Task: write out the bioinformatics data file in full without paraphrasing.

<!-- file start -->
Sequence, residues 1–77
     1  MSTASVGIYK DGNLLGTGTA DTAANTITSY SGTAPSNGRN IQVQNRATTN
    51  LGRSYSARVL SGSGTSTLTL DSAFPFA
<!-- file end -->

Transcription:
Sequence, residues 1–77
     1  MSTASVGIYK DGNLLGTGTA DTAANTITSY SGTAPSNGRN IQVQNRATTN
    51  LGRSYSARVL SGSGTSTLTL DSAFPFA